- The world's cattle alone consume a quantity of food equal to the caloric needs of 8.7 billion people - more than the entire human population on Earth. About 20% of the world's population, or 1.4 billion people, could be fed with the grain and soybeans fed to US cattle alone (13). If Americans consider going green with less meat we would be able to feed more people.
- Farmed animals consume 70% of all the grains that we grow, and even 80% of the total world's soy crop (14). Sustainable food means the crops are fed directly to the people!
- Even farmed fish must be fed 5 pounds of wild-caught fish to produce one pound of farmed fish flesh (2). Going green does not mean to switch from land to water animals either.
- It takes up to 16 pounds of grain to produce one pound of beef, 7 pounds to make one pound of pork, and 2-6 pounds to produce one pound of poultry or eggs (5).
- Animal feed requires almost 10 times the crops that it would take to feed vegetarians. If we eat green, the world population could be fed comfortably for years to come.
- All animals require many times more calories in the form of grain, soybeans, oats, and corn, than they can return in the form of animal flesh for human meat-eaters.
Factory farming is largely responsible for greenhouse gases emissions, air and water pollution, waste of land and resources, and decline of bio diversity.
Factory Farming Pollutes Air And Water
- According to the U.N., the meat, egg, and dairy industries account for a staggering 65% of worldwide nitrous oxide greenhouse gases, which are 296 times as warming as CO2 (29).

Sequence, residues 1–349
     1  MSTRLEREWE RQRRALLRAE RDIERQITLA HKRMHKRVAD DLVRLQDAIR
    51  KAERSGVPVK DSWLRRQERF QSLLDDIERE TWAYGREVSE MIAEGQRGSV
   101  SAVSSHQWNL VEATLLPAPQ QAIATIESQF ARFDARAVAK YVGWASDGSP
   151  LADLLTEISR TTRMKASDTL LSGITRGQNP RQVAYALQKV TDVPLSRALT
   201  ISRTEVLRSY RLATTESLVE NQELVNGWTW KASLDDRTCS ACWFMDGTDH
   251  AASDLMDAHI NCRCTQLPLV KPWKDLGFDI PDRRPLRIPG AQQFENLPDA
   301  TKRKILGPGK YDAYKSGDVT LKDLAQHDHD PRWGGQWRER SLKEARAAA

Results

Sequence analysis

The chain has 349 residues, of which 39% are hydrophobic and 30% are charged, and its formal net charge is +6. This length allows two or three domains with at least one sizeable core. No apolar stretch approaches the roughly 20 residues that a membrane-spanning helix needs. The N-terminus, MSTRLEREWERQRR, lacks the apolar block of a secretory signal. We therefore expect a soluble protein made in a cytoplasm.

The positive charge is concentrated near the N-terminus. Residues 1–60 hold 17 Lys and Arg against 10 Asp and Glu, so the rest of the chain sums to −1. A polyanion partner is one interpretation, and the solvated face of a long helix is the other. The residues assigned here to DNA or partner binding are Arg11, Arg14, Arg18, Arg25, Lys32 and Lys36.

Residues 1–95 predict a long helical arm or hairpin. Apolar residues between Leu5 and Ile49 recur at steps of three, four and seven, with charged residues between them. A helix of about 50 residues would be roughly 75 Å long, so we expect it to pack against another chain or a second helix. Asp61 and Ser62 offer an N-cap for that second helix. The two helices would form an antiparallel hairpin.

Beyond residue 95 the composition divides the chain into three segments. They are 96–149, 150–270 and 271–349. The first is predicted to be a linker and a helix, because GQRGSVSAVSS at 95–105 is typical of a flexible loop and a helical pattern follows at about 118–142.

- The livestock industry alone is responsible for 37% of human-induced methane greenhouse gases, which are 26 times more warming than CO2 (33).
- The Environmental Protection Agency (EPA) reports that farm animal excrements have polluted 35,000 miles of rivers in 22 US states and contaminated groundwater in 17 US states. Besides the environmental problems caused by farmed animal waste, the dangerous fecal bacteria from farm sewage, including E. coli, can also cause serious illness in humans (22).
- Animal excrements emit greenhouse gases that poison the air around farms. Some of these gases are substantially more warming than carbon dioxide: methane gas 26 times more and nitrous oxide gas 296 times more (9).
- Factory farming is responsible for 37% of pesticide contamination, 50% of antibiotic contamination, and one-third of the nitrogen and phosphorus loads found in freshwater (9).
- Farmed animals produce 130 times more excrement than the human US population and the run-off from their waste is contaminating the waterways (23).
- Agricultural runoff has killed millions of fish, and is the main reason why 60% of US rivers and streams are "impaired". The run-off from factory farms pollutes our waterways more than all other industrial sources combined (21).
- Roughly 80% of ammonia emissions in the US come from animal waste (24).
- The data indicates that the pollution strength of raw manure is 160 times greater than raw municipal sewage - a heavy hitter in global warming causes (26).